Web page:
To put it more bluntly: “Twenty-five years ago, high-tech companies were asking higher ed, ‘How can we help you?' ” says Ringle. “Today, they are asking higher ed, ‘How can you help us?’ ”
Gatekeepers No More
So, what happened?
Here there appears to be at least some consensus among the experts contacted by Inside Higher Ed and those who replied to Smith’s initial essay.
As far as the giveaways go, there is less money. “This is a recurring complaint every time there is a downturn,” Kenneth C. Green, director of the Campus Computing Project, of Smith’s suggestion that the tech industry has turned away from higher ed. “When there’s a downturn in the economy the tech companies have less resources to be generous with higher ed.”
They also have less incentive. Colleges are no longer gatekeepers to a massive market of young adults who are just beginning to form their computing habits and brand preferences. “If you go back 10 years ago, students looked forward to coming to campus and getting their first new computer,” says David Todd, CIO at the University of Vermont. “These days, for many students this is their second or third computer… they’ve already developed their brand allegiances.” Or lack of brand allegiance, Todd adds — software that students use most widely for school projects, such as the Microsoft Office suite, can be run on multiple operating systems.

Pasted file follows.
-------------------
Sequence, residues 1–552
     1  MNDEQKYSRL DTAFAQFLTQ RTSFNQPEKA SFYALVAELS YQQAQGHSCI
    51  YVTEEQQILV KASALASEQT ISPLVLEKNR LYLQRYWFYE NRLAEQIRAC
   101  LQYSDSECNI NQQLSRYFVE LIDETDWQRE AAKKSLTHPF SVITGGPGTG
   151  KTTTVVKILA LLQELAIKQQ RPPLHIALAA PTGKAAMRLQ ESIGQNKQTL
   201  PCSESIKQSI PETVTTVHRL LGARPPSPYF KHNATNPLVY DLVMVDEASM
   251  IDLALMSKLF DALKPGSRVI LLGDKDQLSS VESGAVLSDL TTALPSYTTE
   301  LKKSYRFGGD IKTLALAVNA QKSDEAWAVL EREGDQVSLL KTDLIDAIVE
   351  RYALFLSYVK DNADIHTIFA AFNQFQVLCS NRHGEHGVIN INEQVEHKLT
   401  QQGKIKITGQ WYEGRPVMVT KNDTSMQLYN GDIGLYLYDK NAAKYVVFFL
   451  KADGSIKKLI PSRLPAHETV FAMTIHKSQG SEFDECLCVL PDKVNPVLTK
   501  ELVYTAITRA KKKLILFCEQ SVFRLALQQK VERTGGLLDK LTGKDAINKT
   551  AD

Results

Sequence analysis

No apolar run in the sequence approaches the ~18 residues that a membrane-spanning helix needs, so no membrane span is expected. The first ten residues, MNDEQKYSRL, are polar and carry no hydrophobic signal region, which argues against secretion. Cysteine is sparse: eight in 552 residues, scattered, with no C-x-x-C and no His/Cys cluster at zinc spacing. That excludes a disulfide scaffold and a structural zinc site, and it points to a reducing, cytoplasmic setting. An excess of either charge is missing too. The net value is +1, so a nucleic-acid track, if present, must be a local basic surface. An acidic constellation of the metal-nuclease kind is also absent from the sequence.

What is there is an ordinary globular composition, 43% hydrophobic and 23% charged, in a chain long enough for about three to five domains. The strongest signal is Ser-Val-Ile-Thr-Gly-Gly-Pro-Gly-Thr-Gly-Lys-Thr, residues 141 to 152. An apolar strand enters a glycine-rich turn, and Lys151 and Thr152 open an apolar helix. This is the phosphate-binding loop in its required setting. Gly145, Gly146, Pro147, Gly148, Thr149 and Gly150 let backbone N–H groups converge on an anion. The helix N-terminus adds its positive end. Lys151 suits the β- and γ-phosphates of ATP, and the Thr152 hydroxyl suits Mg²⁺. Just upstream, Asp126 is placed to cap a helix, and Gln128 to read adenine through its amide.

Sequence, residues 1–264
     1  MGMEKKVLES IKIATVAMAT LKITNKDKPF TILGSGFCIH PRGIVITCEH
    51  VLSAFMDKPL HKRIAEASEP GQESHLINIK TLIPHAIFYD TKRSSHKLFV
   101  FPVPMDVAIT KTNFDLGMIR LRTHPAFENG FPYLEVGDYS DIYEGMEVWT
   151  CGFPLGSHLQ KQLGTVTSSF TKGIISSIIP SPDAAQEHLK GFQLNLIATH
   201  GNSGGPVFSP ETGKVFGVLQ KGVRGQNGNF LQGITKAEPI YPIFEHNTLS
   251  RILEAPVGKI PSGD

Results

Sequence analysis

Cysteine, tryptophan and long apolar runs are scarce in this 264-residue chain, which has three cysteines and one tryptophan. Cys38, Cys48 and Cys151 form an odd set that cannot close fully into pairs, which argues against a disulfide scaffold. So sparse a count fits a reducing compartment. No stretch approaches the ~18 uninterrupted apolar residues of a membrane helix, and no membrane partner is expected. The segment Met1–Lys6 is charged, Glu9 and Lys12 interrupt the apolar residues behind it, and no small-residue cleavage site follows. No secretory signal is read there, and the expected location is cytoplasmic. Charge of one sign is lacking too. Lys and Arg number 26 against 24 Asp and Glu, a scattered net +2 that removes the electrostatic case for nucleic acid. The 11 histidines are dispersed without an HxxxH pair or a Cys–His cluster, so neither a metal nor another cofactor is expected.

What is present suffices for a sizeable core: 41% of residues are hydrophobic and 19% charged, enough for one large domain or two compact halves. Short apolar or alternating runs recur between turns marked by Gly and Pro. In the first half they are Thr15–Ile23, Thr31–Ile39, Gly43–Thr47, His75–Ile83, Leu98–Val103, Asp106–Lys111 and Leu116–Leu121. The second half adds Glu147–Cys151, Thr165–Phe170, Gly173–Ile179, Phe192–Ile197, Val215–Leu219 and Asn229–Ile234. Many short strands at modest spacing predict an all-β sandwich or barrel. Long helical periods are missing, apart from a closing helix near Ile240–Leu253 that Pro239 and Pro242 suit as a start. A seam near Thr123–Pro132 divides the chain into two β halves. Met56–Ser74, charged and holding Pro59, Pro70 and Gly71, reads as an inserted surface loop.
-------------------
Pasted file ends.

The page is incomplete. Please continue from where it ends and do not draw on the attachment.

Students are still impressionistic when it comes to more sophisticated technology, Ringle points out: A junior high student might have already begun identifying as a Mac or PC person, but she will not likely have chosen whose econometrics software she prefers. But, in general, college campuses are no longer the battlefields upon which tech companies win customer loyalties, experts say. The new battlefields have swing sets.
That makes higher education not so much a supplier of technology as much as accommodators of the tech accessories students and faculty are bringing to campus. They have already made their choices. “That means universities are increasingly reactive to the choices their students and faculty are making,” Ringle says. “And those decisions are being made as consumers, not as students and professors.”